Steven Spielberg had already made his mark with Jaws – the first summer blockbuster. Due to the success of this film, Spielberg was handed creative control and a large budget to make his next film, Close Encounters Of The Third Kind, a sort of remake of his earlier ultra low budget effort Firelight which he made at the age of 17.
Close Encounters Of The Third Kind was released in 1977 and along with Star Wars, launched the tradition of big-budget, special effects extravaganzas. It went on to be nominated for 8 Oscars and won Vilmos Zsigmond an Oscar for best cinematography.
Spielberg tells the story of humankind’s first encounter with aliens, as seen through the eyes of Roy Neary (Richard Dreyfuss) and Jillian Guiler (Melinda Dillon). Both become obsessed with discovering the truth after Roy sees a UFO fly over his car and Jillian loses her 3-year old son, Barry, to the aliens.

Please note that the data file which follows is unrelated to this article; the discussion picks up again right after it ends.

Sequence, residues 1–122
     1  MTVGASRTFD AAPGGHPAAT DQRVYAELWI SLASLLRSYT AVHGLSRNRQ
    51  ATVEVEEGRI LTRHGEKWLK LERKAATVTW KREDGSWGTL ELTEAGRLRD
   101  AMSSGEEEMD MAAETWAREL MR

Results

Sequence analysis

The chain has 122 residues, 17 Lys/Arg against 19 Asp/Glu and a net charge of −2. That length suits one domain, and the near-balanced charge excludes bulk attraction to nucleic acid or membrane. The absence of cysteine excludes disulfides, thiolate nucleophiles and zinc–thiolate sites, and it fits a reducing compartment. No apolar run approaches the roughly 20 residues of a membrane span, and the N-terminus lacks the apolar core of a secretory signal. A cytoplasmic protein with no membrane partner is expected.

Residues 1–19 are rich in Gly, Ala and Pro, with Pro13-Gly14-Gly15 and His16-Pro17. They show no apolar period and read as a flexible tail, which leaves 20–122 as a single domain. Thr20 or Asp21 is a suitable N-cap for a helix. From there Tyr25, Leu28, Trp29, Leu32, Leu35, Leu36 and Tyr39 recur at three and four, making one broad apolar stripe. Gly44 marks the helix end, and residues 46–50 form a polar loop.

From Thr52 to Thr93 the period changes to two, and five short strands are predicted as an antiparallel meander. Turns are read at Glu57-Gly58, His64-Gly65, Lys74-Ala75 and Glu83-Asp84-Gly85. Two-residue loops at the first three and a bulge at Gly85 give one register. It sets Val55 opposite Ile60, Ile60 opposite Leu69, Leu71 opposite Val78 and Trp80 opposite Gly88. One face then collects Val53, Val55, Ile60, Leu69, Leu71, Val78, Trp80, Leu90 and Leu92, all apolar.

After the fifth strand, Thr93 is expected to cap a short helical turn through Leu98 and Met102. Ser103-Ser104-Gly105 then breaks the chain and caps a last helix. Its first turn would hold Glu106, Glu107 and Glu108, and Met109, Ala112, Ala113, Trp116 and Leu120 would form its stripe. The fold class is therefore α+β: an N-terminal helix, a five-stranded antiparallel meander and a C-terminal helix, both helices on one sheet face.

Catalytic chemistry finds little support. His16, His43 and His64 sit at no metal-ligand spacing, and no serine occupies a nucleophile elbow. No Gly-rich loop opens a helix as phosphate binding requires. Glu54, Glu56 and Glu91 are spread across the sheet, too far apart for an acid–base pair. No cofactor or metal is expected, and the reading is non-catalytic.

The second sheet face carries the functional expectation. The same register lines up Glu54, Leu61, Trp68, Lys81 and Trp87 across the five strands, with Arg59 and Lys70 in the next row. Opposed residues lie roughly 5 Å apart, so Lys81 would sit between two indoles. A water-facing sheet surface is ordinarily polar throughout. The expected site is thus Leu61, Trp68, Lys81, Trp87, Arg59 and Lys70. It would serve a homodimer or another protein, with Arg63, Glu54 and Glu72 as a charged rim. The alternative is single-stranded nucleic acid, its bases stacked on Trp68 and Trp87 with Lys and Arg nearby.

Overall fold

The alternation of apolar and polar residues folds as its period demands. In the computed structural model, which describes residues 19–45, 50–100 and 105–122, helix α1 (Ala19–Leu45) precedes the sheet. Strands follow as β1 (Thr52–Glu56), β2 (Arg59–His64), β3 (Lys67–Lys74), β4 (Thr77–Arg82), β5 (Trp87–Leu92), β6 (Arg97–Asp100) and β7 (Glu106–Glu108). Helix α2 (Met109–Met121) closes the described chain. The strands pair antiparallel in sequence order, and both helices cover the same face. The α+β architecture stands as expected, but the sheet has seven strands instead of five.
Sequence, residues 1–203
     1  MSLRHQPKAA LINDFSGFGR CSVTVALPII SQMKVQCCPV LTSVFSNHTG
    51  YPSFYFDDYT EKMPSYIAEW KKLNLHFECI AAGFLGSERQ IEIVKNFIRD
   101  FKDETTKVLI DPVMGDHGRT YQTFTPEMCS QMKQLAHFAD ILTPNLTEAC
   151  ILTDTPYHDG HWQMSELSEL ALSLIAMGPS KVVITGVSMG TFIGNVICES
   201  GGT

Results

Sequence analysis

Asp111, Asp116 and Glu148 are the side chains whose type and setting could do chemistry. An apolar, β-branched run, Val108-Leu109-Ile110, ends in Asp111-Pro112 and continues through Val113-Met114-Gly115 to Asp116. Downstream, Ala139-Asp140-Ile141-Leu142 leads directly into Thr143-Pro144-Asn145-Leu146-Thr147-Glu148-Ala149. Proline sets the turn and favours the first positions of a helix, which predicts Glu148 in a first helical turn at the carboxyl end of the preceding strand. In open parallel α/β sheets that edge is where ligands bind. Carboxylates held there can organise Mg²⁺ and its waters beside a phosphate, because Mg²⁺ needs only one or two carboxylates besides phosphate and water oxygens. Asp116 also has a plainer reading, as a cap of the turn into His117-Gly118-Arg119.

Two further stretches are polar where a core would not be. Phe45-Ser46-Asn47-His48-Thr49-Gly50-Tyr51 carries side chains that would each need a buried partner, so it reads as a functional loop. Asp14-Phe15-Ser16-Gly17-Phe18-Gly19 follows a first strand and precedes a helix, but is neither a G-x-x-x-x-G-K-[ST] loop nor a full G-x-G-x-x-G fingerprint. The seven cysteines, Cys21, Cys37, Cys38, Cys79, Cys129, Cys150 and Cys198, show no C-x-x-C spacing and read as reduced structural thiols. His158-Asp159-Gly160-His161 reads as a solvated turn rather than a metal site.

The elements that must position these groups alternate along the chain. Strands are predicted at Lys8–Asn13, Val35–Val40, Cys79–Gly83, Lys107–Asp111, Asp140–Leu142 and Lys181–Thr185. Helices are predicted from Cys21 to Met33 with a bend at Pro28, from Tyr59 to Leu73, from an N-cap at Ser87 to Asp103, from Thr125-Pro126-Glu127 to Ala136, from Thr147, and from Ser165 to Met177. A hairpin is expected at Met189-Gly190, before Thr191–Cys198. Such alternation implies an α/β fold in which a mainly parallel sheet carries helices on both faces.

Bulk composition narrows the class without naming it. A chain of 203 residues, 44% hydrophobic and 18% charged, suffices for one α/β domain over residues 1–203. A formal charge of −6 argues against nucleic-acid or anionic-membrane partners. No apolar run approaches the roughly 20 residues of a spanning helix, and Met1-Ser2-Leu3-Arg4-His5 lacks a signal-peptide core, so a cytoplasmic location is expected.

Spielberg is well known for creating scenes of wonder in his films. Check out the flying BMXs in ET and Indiana Jones running from a giant boulder in Raiders of the Lost Ark. Here, the audience shares a sense of awe alongside the film’s protagonists. This includes young Barry entering the bright orange glow of a spaceship, and Roy and Gillian reaching the top of a hill and encountering the alien mothership for the first time. That sense of awe is amplified by John Williams’ score and his famous five-tone motif that the scientists use to communicate with the mothership.
In Close Encounters Of The Third Kind, the aliens are friendly. Originally the alien models were created through puppetry but this proved problematic. Another outrageous idea was to use an orang-utan on roller skates but this, unsurprisingly, turned out to be a bad idea. Eventually, the aliens were played by young girls who, in Spielberg’s opinion, moved more gracefully than boys. The mothership was based on an oil refinery Spielberg had seen in India. Its bright lights and luminescent look add to the sense of wonder the film provokes.
A genuine film classic; prepare to be amazed all over again by one of Spielberg’s most dazzling films.
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